Cryptocurrency and Taxes: Could You End Up Paying the ATO More Than You Earned?

As tax time approaches in Australia, cryptocurrency investors have been warned to work out what they owe.

There are some lessons to be learned from the recent tax season in the US, where some enthusiasts have a tax bill that exceeded their income after the recent crypto market crash

Mark Chapman, director of tax communications for H&R Block, told Guardian Australia that this year the company expected thousands of clients seeking help with their crypto investments, adding that they tended to have at least some knowledge of their tax obligations.

But he worries about those who may not be aware of what they owe before they come in the crosshairs of the Australian tax office.

“There are quite a few people, who don’t have tax advisors, who just don’t understand the tax implications at all,” he said. “They start trading cryptocurrency and they don’t think about the tax implications, and they just don’t feel like they should release anything on the tax return.

“Or there is an even smaller group that is considering it, but decides not to include it.”

Cryptocurrency is not taxed in the same way as interest earned on money in a bank account. For example, if you bought $100 worth of Bitcoin and it has increased in value to $500, you won’t pay tax on it unless you cash it out, use it for a purchase, or exchange Bitcoin for another cryptocurrency.

With the ATO indicating that it will pay a lot of attention to cryptocurrency assets this tax season, here’s what you need to know.

What Tax Do You Have to Pay on Cryptocurrency Profits?

If you deposit your cryptocurrency back into your regular bank account, you will be required to pay capital gains tax (CGT) on the money you have earned. Any capital gains you make are added to your taxable income and taxed at your individual income tax rate.

You also have to pay taxes when you exchange one cryptocurrency for another, use it to purchase goods or services that are not for personal use, and when you give it away as a gift.

You can use cryptocurrency to pay for personal use of goods or services up to $10,000, such as for a vacation or a car. But Chapman warned that the ATO would closely examine these types of transactions to determine if the final purchase was the sole reason to buy cryptocurrency.

Cryptocurrency transfers are taxed as they occur, so even if the currency has depreciated, you will owe tax on the amount exchanged or paid out.

If you are a cryptocurrency trader rather than an investor, there is a 50% discount on capital gains tax if you hold the investment for a year or more.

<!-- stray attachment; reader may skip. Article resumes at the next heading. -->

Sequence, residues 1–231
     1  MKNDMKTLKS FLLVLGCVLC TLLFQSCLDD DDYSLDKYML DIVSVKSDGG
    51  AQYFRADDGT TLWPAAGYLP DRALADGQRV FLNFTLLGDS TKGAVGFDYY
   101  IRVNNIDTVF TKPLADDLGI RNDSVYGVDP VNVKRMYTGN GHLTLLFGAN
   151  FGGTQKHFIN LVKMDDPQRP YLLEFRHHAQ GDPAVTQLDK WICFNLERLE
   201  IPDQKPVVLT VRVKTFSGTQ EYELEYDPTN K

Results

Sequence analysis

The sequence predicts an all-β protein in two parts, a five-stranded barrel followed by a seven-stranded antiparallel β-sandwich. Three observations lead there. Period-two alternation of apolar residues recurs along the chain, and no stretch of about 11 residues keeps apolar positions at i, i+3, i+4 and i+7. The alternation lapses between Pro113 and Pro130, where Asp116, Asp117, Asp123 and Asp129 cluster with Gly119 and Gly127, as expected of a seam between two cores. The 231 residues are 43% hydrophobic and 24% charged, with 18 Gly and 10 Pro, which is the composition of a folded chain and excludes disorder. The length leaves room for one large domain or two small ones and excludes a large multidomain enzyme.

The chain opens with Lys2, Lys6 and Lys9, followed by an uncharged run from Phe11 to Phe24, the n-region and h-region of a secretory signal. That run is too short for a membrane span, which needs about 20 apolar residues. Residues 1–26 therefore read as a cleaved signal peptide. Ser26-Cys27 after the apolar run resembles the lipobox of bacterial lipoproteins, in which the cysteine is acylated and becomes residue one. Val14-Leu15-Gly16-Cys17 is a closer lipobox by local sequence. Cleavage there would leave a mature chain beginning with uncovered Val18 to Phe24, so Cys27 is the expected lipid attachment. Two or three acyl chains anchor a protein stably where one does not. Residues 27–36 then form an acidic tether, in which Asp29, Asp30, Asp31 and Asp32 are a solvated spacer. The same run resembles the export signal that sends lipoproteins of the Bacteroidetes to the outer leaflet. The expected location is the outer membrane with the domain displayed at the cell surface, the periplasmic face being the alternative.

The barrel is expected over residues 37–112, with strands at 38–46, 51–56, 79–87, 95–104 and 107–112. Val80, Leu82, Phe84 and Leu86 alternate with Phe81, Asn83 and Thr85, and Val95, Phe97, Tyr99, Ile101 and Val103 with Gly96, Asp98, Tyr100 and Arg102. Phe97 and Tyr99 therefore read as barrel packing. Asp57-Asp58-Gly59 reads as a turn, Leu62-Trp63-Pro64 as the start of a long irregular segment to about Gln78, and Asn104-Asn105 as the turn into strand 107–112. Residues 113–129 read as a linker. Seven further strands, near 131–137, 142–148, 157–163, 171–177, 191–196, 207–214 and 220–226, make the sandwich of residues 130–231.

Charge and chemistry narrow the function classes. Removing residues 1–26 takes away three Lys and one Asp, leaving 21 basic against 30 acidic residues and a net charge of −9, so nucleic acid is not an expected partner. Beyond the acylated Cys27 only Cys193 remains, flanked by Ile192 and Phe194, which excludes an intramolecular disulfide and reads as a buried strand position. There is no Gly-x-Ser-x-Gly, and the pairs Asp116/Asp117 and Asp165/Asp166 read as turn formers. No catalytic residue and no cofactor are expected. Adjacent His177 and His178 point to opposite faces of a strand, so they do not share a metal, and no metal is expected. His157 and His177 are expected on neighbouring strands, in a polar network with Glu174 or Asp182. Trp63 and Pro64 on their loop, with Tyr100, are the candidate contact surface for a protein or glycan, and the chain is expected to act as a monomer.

How do you find out what to pay?

The ATO has a Capital Gains Tax Tracking Tool it advises people to use. You need to keep track of how much you invested in the cryptocurrencies and then what you earned when you sold them.

What about NFTs?

If you’ve bought into the hype surrounding non-fungible tokens, be it a “bored monkey” or the The Australian Open free-range with NFTsthose too are considered investments and any gains are treated in the same way as cryptocurrency gains.

What if I don’t report it?

If you don’t declare your cryptocurrency winnings, you could be in trouble with the tax authorities. The ATO has been collecting data on cryptocurrency transactions and account information from designated service providers since the 2014-15 tax year, and the data reconciliation will continue this year.

According to the ATO website, “The data obtained will be used to identify the buyers and sellers of crypto assets and quantify the related transactions. We will match data provided by designated service providers with ATO records to identify individuals who may be failing to meet their registration, reporting, filing and/or payment obligations.”

Isn’t there an easier way to do this?

Chapman said one issue the federal government should consider as part of the Treasury review of the cryptocurrency legal framework is whether the tax treatment is appropriate.

“Right now we are trying to fit cryptocurrency treatment into an existing framework devised for other forms of assets,” he said.

“People who invest in cryptocurrency buy and sell quite often quite often.”

Chapman said some clients would come up with statements containing hundreds of lines documenting the purchase and sale of crypto assets, and the capital gain must be calculated on each individual transaction.

“I really think our cryptocurrency tax law should probably be looked at and maybe fine-tuned.”

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